Physical fitness is an important benefit of sports participation. Physical recreation programs in the community may be a cost-effective means of preventing secondary health conditions, such as obesity and diabetes, resulting from low levels of fitness. Just like their non-disabled peers, children with disabilities need an outlet for their physical energy. Physical activity increases a child's ability to cope with stress and anxiety. Self-esteem and building friendships follow closely as another benefit of participation. Socialization is important to mental health and well-being and can help a child be more self-sufficient and confident.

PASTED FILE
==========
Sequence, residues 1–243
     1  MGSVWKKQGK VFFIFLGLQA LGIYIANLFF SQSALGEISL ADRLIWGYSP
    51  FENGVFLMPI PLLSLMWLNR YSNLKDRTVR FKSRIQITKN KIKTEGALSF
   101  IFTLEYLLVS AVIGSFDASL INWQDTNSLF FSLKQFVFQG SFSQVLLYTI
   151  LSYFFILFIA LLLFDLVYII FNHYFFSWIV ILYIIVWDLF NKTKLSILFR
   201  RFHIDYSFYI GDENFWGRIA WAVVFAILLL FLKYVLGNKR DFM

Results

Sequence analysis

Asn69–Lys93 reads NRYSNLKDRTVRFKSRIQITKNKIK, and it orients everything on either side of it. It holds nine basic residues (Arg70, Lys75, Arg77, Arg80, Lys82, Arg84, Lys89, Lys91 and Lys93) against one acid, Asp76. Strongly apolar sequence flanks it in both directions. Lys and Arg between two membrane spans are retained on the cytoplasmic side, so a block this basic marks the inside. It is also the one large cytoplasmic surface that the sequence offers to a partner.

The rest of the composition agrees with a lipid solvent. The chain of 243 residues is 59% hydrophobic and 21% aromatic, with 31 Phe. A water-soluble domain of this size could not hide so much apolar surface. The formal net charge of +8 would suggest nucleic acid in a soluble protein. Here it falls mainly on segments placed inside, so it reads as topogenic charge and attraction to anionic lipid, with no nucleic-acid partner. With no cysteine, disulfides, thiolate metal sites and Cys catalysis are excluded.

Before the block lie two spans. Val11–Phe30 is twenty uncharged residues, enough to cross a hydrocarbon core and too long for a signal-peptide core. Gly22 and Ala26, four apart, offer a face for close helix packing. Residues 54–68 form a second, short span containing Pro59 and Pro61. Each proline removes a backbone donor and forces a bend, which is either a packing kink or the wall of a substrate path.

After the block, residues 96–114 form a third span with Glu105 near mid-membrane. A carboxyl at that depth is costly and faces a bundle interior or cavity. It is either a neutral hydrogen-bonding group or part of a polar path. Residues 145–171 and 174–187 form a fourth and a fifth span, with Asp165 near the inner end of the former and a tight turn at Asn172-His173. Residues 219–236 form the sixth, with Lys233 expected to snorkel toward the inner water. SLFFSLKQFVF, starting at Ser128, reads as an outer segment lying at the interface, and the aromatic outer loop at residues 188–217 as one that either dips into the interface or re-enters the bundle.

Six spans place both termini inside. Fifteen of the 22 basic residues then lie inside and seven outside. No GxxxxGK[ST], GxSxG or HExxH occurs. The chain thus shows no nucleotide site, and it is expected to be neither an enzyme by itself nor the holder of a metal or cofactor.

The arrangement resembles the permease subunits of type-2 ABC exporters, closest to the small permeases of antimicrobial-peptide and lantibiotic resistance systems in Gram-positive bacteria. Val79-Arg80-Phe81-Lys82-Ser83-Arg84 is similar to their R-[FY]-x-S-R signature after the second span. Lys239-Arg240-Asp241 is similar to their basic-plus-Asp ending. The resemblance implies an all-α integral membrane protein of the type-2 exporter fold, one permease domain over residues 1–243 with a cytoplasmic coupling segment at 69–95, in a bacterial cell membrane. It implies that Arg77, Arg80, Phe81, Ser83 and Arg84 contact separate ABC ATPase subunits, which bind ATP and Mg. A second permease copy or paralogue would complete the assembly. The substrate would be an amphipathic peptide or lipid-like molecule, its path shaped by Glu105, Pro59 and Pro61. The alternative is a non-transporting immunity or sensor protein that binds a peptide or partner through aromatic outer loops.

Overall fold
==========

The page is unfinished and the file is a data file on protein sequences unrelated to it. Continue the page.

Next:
Another valuable lesson all children could learn is that it is okay not to win. Learning skills, setting goals, having fun, and being part of a team are important experiences. Children and youth with disabilities see another benefit as well; with resources and support to enable them to participate freely in fitness and recreation, they can begin to challenge some of the barriers and just have fun like everyone else.